The Palestinian Center for Human Rights in Gaza issued a statement March 13 warning that moves like the one taken by Hamas promote the idea of dissociating Gaza from the West Bank. In a similar vein, Mukhtar Abu Saada, a political science professor at Al-Azhar University in Gaza, told Al-Monitor, “Hamas’ move lacks a legal, constitutional dimension, but at the same time, the consensus government is not fulfilling its obligations toward Gaza. I may not agree with those who believe the committee will deepen the Palestinian division, but I am afraid the announcement of this committee could find an echo in some regional or Israeli proposals to establish a State of Gaza.”

Hamas may believe that the new committee will address the governmental work left undone by the failure to provide for Gazans’ needs under the consensus government. No one can predict, however, at this point how the PA might act to punish Hamas. For instance, it could impose additional taxes on the fuel needed to operate Gaza's power plant, exacerbating the electricity crisis and further angering the Palestinian street with the aim of forcing Hamas to back away from the committee's formation.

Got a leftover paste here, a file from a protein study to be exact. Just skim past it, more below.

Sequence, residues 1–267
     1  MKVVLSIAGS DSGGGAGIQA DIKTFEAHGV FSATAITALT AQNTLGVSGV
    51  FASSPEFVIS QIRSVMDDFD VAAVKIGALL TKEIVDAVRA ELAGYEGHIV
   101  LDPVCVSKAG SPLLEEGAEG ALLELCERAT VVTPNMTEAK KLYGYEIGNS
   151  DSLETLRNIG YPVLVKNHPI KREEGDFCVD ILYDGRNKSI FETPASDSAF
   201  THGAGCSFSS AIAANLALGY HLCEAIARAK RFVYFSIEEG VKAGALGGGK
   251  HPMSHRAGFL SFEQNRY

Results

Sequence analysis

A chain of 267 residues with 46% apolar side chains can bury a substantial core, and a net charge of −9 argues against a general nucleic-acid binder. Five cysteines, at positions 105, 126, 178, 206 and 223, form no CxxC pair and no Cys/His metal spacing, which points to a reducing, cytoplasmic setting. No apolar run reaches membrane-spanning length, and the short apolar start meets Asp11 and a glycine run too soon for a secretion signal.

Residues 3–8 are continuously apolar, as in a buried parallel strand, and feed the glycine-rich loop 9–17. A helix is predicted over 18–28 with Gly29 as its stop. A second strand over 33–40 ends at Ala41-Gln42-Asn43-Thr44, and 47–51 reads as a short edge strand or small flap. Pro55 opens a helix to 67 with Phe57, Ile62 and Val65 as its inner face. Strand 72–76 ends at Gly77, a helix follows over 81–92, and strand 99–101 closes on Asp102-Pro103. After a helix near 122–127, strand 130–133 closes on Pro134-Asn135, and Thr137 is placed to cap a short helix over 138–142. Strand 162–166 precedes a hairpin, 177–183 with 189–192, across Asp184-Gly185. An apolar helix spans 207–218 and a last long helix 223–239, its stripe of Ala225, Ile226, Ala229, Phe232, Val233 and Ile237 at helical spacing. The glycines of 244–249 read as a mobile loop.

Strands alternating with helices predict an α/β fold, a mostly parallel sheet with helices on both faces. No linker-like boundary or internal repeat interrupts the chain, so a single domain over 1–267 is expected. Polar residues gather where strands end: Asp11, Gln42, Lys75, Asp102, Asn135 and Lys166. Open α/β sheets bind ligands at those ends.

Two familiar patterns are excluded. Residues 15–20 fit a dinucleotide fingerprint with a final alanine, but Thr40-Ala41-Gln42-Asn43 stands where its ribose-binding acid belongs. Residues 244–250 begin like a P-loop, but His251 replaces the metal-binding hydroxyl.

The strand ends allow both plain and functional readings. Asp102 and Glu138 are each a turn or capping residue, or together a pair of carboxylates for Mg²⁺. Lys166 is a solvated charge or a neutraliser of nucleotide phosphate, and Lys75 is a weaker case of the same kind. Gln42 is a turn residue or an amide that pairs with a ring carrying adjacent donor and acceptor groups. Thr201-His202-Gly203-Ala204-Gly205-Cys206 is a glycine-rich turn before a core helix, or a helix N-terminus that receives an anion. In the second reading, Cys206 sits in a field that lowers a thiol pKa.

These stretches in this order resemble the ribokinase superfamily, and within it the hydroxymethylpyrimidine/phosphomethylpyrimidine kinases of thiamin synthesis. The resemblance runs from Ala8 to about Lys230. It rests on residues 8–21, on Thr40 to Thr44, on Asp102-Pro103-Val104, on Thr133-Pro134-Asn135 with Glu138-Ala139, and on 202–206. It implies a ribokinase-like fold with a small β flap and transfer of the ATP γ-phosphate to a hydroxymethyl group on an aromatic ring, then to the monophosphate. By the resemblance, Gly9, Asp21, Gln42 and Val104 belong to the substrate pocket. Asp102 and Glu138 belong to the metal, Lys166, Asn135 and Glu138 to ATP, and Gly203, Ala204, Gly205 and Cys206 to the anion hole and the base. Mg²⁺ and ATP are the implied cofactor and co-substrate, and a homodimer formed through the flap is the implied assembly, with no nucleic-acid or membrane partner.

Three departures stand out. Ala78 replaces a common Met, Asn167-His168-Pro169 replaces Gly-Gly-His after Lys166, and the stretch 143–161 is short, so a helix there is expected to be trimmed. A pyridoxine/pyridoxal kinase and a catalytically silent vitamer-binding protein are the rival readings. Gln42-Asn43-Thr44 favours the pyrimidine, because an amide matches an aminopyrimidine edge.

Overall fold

Found in: fatah-hamas reconciliation, palestinian authority, hamas, gaza, consensus government

Adnan Abu Amer is the head of the Political Science and Media Department of Umma University Open Education in Gaza, where he lectures on the history of the Palestinian cause, national security and Israel studies. He holds a doctorate in political history from Damascus University and has published a number of books on the contemporary history of the Palestinian cause and the Arab-Israeli conflict.

He works as a researcher and translator for a number of Arab and Western research centers and writes regularly for a number of Arab newspapers and magazines.

NEVER MISS
ANOTHER STORY
Sign up for our Newsletter
x